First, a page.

The Price of Performance

Do you do the right thing and be a hero or take an unpopular gamble and potentially become the villain? This is the dilemma Cycling Australia is currently faced with.

After the underwhelming performance by track cyclists at the 2016 Rio Olympic Games, the pressure began to mount on the governing body after what was hyped up to be a dominant assault by the Australian contingent. Arguably, the primed form of longstanding rivals Great Britain was always going to be at the peak of competition come August, yet after a successful World Championships it was expected the medal haul was to be higher than it eventually amounted to. Now retired track veteran Anna Meares (bronze) and the Mens Team Pursuit team (silver) pulled the only two medals on the track, and Australian cycling overall, after a predicted track medal haul of three gold, one silver and two bronze.

Thus the restructuring process inevitable after an overall disappointing games. High Performance Director Kevin Tabotta stepped down from his role after more than 20 years at the helm, Anna Meares retired and Melissa Hoskins hinted that the end of her career was nearing. Yet, it is the resignation of Tabotta and the void left that has many questioning what comes next for a nation that, statistically, performs well on the world stage of track cycling yet faltered under the pressure four years after a similar result in London- but in 2012, the medals were more, one even a gold. This week, Cycling Australia began interviewing seven short-listed candidates for Tabotta’s job with the ideal starting date set at March 2017.

Shane Sutton is a polarising figure. If you have read any biography written by a GB cyclist, coach or team member, he is described synonymously with ‘tough love’ ‘straight talking’ or ‘black and white’ with an attitude perceived by the cycling world as firm but, ultimately, worth it. In an era where British Cycling has become the powerhouse of the track and dominated the Tour de France over the past four years, Sutton has been at the helm alongside the likes of Dave Brailsford and Rod Ellingworth. As the technical director, the success he endured include moments like the Team GB male and female Team Pursuits winning Gold at a home Olympic Games, Sir Chris Hoy and Sir Bradley Wiggins becoming household names across Britain and, in his role at Sky, saw a British professional road team becoming the largest in the peloton. The list goes on and on.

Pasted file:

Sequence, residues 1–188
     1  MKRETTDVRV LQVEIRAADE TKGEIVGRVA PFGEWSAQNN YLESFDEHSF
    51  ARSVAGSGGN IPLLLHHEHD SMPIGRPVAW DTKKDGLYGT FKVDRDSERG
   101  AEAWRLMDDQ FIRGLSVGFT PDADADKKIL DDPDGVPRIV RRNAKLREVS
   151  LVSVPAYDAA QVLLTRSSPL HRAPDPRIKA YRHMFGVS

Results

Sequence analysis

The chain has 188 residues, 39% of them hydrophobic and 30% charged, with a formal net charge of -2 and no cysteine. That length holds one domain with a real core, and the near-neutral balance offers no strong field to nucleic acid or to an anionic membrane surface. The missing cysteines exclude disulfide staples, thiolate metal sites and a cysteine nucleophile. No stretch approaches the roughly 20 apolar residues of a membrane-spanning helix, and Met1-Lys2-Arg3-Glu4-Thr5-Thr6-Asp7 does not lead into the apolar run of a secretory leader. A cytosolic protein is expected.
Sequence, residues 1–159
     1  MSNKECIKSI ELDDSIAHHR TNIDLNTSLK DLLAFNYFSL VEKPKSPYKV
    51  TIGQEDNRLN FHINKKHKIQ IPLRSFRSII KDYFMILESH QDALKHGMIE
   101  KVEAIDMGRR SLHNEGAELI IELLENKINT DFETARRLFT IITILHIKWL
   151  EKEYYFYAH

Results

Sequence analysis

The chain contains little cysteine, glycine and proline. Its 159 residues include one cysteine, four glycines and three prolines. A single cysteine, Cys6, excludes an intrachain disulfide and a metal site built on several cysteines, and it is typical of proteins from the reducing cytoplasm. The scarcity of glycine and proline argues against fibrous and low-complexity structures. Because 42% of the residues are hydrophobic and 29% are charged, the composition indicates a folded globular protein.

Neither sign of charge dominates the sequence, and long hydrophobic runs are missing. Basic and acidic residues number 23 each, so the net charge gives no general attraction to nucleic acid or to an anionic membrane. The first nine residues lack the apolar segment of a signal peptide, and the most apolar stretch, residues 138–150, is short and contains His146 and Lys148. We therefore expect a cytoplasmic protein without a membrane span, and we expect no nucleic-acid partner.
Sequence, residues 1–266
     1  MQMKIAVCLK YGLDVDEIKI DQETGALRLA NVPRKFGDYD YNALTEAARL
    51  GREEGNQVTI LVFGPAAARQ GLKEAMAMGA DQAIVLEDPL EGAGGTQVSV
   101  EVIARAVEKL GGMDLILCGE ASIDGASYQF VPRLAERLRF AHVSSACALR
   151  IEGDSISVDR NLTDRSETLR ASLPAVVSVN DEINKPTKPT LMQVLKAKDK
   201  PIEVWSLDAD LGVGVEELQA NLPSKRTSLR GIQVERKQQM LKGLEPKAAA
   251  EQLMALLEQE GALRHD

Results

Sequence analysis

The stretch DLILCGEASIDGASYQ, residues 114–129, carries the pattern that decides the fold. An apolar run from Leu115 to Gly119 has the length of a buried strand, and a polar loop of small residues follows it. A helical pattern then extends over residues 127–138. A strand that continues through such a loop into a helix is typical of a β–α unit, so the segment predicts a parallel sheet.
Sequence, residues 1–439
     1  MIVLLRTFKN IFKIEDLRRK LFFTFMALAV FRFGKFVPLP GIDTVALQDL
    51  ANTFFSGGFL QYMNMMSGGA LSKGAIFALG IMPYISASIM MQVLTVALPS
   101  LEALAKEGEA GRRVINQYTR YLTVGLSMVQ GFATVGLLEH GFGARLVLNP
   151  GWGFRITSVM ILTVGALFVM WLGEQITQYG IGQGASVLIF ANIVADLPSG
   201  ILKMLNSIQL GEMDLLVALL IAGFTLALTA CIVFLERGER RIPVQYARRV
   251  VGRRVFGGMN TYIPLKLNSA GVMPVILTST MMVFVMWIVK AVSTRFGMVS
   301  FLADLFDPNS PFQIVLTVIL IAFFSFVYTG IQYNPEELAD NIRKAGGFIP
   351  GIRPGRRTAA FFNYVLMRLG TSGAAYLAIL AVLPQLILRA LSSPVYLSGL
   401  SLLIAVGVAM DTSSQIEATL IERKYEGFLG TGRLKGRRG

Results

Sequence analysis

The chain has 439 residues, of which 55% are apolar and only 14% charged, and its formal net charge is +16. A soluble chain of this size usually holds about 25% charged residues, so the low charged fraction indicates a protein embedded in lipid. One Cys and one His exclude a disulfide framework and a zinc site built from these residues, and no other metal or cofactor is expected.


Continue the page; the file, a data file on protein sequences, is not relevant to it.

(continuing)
Polarising: Shane Sutton worked as techical director at British Cycling before leaving the organisation. (Image: Luke Webber)

Underneath the accolades, rainbow stripes and gold medals, there’s the accusations and investigations that plagued Sutton to the point of resignation from British Cycling and resulted in backlash from figures across the board. An internal investigation conducted found Sutton guilty of inappropriate and discriminatory language towards Jess Varnish, 2011 Team Sprint world champion. Alleged to have told Varnish to ‘go and have a baby’, Sutton denied the allegations and said he would appeal the findings against him.

One only needs to read the comments of any article in relation to the Cycling Australia or Sutton himself to see the polarising opinion the public and cycling fans have towards his association with the national body. Many wonder if Cycling Australia are ‘selling their soul’ for medals. But, sport is a business and the medals are the commission. If there are no medals, the funding drops off in a sport that still remains hardly recognised in a nation bathed in cricket and AFL. There can be no doubt that Sutton as a director, coach and experienced member of professional cycling has the capacity to take on the role yet guaranteed backlash and calls for a ‘please explain’ from Cycling Australia.

Of course, there is no certainty that Sutton will become Tabotta’s successor but with the results and experience he has amassed, there are little who could adequately match Sutton for the role. The additional lure of coming home to coach for is obvious. His brother, Gary, works in the system as an endurance coach primarily with the women’s team pursuit and his nephew, Chris, was a road professional with Team Sky. It’s not a hard choice and, if taken by Cycling Australia, could be a bold move in reshaping a unit appearing lost and headed for a lull in success after prominent retirements. Yet, with the controversy surrounding Sutton and the mount of baggage he holds with him, just where does the price of performance sit? 2017 will tell.

Image C/O Australian Sports Commission


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